When it comes to industrial design, there’s a common misconception that it can only be accomplished in turn-of-the-century factory buildings that are now home to urban lofts. But while there are a variety of former factories in Atlanta that have been converted into apartments and condos, you don’t have to live in one to bring some of the same vibe to your home.

If you’re looking to bring some industrial design touches to your home, we are here to help. We have dug through the Private Quarters archives to find some of the best industrial-style homes we have featured in the past, which may help spark some inspiration in your neck of the woods.

But before you dive in, let’s start with the basics about what industrial design entails.

“The look is based on combining the best aspects of old-world charm with modern sleekness. In essence, it’s a perfect compromise. However, there’s one big misconception keeping this style from becoming a household staple,” a post on the website MyMove about industrial design.

“When picturing these designs, we typically think of lofts with big open windows and lots of exposed brick. Those who live in less urban environments may feel they don’t have the right surroundings, that their living spaces are too traditional to really pull off this look,” according to MyMove. “We’re here to tell you that couldn’t be further from the truth. Let us prove to you that every room can benefit from a dose of industrial style.”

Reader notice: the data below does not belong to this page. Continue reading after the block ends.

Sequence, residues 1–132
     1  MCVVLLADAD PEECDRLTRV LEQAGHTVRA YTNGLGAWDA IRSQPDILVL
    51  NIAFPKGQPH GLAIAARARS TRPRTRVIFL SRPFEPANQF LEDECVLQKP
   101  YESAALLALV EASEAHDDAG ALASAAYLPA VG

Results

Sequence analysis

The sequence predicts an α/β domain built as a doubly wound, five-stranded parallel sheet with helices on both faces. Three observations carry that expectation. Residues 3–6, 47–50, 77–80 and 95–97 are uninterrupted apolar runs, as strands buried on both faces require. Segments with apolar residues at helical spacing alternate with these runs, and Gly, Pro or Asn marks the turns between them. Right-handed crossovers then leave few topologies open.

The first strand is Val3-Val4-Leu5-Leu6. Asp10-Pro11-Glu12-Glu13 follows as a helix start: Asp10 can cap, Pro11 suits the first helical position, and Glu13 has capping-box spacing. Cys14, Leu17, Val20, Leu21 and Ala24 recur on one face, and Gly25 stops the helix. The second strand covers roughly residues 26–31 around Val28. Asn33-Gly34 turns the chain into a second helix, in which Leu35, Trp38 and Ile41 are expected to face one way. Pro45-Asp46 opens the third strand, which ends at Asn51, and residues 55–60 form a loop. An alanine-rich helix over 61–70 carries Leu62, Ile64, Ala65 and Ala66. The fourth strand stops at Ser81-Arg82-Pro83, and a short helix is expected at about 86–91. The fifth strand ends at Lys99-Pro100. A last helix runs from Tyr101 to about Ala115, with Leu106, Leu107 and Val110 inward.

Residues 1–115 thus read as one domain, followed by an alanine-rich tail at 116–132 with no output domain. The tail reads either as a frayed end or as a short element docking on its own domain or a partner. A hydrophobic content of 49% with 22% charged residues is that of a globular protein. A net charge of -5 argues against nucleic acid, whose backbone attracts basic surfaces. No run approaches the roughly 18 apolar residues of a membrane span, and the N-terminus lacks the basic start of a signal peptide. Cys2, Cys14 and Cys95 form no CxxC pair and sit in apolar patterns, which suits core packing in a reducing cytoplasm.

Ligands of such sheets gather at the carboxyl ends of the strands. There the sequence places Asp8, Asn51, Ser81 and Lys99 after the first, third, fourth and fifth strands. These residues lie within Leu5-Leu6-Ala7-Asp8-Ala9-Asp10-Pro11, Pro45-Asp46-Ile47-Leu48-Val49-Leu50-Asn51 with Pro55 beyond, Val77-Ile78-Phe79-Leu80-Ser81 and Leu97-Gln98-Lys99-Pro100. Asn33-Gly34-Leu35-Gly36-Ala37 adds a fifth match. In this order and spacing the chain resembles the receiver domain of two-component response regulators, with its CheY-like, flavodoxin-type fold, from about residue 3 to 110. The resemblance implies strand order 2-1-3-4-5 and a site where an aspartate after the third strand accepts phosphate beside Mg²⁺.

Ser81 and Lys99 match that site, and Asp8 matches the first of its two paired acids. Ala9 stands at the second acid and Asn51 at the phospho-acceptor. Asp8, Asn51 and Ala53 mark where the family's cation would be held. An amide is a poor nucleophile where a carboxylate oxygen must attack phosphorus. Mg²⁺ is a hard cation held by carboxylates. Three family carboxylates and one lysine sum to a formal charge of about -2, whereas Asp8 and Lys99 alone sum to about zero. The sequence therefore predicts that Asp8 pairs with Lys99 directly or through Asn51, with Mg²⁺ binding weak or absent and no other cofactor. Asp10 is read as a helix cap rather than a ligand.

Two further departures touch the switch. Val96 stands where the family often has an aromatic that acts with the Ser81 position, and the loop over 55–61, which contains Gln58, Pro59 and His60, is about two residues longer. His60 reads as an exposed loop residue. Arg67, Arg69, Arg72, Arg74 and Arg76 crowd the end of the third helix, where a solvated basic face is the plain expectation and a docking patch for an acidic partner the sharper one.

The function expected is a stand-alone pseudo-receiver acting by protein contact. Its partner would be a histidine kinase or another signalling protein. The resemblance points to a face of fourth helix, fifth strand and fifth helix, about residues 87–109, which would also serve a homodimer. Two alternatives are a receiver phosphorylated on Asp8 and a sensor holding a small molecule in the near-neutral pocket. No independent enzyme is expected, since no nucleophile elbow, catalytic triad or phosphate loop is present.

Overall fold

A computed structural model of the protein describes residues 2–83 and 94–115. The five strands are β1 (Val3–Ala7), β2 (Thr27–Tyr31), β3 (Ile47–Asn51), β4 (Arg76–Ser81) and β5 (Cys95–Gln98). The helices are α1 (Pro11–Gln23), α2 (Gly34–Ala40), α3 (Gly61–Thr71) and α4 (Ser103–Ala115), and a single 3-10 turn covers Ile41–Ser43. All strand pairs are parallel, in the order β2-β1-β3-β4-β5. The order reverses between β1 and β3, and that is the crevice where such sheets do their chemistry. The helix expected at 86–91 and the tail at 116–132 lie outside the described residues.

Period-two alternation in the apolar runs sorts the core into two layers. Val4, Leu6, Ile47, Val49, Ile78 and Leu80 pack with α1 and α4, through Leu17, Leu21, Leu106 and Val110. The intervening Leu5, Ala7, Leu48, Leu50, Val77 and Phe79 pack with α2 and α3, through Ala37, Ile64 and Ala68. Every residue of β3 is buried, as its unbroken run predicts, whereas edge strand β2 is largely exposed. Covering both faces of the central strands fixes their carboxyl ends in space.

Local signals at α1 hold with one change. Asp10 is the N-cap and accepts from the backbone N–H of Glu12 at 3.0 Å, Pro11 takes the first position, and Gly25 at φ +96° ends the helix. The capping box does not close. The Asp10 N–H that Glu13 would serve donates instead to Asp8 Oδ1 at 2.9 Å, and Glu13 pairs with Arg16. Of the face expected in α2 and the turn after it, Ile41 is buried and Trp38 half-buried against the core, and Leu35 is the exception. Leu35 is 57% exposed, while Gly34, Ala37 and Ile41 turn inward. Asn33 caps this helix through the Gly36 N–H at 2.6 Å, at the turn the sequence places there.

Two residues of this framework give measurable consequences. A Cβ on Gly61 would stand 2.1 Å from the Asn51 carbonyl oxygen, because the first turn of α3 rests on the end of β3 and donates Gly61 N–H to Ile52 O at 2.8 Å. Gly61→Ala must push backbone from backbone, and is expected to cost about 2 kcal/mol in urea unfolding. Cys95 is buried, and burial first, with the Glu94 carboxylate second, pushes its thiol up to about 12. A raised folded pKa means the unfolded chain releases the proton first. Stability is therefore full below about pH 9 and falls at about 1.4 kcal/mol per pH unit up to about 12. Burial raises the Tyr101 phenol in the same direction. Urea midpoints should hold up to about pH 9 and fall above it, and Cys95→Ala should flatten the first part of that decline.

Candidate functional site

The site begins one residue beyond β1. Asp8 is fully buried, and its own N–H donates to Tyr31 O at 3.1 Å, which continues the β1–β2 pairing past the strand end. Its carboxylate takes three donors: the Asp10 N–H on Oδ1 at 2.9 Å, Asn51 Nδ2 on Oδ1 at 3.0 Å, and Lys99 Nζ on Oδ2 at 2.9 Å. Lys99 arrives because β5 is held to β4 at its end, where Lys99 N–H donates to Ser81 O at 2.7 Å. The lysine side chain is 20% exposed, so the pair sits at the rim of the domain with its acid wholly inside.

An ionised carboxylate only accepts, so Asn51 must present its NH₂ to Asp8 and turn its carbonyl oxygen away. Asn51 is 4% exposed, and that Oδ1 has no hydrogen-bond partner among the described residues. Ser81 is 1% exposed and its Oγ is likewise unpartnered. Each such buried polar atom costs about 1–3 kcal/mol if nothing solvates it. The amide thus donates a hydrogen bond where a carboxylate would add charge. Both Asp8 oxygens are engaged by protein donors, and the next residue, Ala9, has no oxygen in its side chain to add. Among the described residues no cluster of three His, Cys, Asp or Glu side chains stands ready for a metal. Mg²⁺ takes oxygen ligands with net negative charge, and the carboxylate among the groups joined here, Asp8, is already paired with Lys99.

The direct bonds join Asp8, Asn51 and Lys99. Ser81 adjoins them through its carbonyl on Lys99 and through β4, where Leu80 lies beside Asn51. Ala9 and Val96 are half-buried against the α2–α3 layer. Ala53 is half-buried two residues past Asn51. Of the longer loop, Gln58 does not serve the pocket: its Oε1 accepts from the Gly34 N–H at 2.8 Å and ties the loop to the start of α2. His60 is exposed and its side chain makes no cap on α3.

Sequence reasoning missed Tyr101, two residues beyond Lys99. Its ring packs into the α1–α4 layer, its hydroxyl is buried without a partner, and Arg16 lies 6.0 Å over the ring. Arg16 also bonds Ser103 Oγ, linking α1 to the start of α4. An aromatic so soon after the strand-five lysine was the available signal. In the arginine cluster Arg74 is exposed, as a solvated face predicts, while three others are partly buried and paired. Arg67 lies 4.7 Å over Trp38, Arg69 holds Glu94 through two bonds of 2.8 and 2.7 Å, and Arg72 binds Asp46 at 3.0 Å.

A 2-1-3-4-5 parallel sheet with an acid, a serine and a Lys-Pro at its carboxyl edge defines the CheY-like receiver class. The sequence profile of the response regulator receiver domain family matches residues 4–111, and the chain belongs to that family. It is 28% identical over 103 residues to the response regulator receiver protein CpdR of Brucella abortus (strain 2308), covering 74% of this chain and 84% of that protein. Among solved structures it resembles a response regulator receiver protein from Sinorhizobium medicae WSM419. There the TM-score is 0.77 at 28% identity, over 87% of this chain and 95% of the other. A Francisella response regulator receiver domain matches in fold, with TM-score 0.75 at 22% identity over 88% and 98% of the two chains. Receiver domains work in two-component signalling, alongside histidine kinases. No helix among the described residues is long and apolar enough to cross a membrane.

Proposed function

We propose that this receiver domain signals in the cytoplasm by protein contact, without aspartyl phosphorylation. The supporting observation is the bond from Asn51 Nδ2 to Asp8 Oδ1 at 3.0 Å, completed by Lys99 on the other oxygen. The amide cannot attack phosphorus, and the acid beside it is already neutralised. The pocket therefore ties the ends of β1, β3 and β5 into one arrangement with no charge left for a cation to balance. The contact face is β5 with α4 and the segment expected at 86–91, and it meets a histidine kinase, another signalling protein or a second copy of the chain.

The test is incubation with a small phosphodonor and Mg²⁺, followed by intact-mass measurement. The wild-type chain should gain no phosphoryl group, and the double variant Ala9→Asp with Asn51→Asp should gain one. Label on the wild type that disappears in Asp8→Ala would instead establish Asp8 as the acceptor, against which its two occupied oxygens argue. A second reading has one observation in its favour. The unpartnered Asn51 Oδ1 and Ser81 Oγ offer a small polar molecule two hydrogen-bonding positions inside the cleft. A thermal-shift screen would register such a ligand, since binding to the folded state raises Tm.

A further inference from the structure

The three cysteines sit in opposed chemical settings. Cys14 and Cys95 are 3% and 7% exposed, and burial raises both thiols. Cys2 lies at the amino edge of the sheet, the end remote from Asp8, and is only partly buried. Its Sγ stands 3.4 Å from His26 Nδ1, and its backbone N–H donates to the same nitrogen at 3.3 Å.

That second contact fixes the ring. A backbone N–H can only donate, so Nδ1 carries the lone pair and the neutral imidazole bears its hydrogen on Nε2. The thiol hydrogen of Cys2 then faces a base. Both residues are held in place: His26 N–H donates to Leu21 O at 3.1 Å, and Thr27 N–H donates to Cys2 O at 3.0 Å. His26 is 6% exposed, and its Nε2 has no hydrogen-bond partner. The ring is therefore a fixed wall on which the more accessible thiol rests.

When starting your industrial design journey, think about the materials that are present in your space. The design website Decor Aid notes that you should “avoid using plush fabrics paired with industrial style furniture. Instead, opt for utilitarian and hardworking materials and source furnishings that you can give a second life.”

“Scour local antique shops for furniture made from wood, aluminum, iron, steel, tin, stone, and copper as these are go-to materials for enviable industrial style homes. And be sure to take advantage of distressed metal elements and wooden floors, stone countertops, and bare steel beams,” the site recommends.

The site also notes that industrial design done right can also be an environmentally conscious move, since it tends to rely on up-cycled materials and vintage finds.

When adding touches to your home, things like concrete floors, minimizing extra knickknacks and focusing on lighting can all help give your space that feel of an urban loft.

“The key to acing an industrial look is in making it feel like you’re inside a glamorous factory setting,” Decor Aid notes. “Using accessories is the best way to do this. Decorate with salvaged factory parts and machinery along with vintage photographs and distressed leather finds.”